Pendant (art)

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In art, a pendant is one of two paintings, statues, reliefs or other type of works of art intended as a pair. Typically, pendants are related thematically to each other and are displayed in close proximity. For example, pairs of portraits of married couples are very common, as are symmetrically arranged statues flanking an altar.

Ancient Rome
Ancient Rome
Modern Rome
Modern Rome
A pair of pendants by Giovanni Paolo Panini (1691–1765) hung on the same wall in the Metropolitan Museum of Art, separated by several other paintings.

Pendants may be the work of a single artist or of two artists, who in some instances might be in competition with one another. An example of the latter case is the pairing of the marble groups The Triumph of Faith over Idolatry by Jean-Baptiste Théodon and Religion Overthrowing Heresy and Hatred by Pierre Le Gros the Younger on the Altar of Saint Ignatius of Loyola (1695–1697/98), in the Church of the Gesù, Rome.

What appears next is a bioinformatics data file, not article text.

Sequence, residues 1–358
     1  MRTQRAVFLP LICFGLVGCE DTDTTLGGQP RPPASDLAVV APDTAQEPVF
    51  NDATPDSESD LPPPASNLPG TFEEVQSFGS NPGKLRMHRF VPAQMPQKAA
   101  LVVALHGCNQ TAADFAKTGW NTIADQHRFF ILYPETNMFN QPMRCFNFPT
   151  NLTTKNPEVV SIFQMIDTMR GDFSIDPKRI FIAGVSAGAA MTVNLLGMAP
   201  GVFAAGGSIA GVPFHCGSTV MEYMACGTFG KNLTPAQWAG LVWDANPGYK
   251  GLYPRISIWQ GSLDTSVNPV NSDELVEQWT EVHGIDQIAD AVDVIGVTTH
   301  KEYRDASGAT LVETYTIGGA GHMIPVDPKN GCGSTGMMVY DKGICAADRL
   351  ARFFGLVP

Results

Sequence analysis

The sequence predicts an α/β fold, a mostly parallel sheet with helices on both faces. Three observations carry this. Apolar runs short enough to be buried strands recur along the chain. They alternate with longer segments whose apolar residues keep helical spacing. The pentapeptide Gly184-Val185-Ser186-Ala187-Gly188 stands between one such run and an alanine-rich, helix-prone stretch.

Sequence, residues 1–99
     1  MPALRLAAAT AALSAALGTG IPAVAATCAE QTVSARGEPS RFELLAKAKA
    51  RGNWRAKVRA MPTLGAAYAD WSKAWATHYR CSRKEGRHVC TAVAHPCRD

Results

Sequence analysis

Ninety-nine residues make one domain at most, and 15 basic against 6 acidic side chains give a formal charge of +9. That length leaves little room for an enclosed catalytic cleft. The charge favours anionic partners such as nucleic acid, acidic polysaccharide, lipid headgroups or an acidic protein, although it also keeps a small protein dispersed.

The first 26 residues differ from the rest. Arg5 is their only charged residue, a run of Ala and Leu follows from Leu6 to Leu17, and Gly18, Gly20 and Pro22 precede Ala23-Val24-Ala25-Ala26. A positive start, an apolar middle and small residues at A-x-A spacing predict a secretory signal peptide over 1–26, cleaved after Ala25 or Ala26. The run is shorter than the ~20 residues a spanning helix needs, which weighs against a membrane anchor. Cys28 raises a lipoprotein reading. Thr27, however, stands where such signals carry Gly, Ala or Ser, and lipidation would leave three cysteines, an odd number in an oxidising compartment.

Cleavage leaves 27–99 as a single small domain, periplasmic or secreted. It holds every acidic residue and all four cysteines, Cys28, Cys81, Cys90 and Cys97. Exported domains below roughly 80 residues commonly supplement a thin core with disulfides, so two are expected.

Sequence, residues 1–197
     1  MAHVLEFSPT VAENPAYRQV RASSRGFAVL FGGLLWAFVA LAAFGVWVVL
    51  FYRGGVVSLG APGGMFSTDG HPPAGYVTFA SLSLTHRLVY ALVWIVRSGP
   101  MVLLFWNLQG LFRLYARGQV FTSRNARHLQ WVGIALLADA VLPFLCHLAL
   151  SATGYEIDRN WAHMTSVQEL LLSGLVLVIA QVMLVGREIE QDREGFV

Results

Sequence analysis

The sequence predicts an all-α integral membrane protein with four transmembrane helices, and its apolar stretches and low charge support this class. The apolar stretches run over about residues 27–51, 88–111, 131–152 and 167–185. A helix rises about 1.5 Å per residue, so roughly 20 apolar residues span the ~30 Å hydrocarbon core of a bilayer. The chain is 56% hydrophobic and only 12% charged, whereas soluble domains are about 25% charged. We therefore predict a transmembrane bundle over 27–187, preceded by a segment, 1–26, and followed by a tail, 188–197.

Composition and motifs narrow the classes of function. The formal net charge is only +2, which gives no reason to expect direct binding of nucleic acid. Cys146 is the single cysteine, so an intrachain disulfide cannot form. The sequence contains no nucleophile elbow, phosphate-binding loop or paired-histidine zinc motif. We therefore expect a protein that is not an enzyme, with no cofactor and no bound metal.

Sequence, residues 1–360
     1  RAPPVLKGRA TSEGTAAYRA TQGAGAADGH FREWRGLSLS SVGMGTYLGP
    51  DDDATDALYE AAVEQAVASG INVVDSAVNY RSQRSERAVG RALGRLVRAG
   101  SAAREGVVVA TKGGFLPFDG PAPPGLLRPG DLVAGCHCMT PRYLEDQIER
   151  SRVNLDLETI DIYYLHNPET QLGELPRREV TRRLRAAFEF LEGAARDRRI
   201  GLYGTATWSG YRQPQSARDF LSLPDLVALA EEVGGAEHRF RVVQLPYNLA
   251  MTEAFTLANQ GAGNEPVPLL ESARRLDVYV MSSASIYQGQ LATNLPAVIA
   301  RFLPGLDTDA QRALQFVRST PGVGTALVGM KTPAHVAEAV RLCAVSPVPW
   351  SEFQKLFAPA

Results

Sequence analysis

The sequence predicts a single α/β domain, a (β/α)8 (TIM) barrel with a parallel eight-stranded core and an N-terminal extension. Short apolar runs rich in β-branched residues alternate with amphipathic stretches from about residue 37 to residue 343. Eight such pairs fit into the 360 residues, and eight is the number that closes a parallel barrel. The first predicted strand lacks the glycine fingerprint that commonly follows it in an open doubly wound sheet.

When J. M. W. Turner bequeathed two of his paintings to the National Gallery in London with the clause that they should in perpetuity hang next to two landscape paintings by Claude Lorrain, he turned Claude's paintings into de facto pendants, although they were not originally intended as such.[1]

Many historic pendants have been separated over the years.

Jean-Baptiste Théodon: Triumph of Faith over Idolatry
Pierre Le Gros: Religion Overthrowing Heresy and Hatred
Pendants on the Altar of Saint Ignatius of Loyola, 1695–1697/98, Rome, Church of the Gesù.


  1. ^ Dido Building Carthage, National Gallery, collection online.
  • "Pendant". The National Gallery. Retrieved 10 March 2015.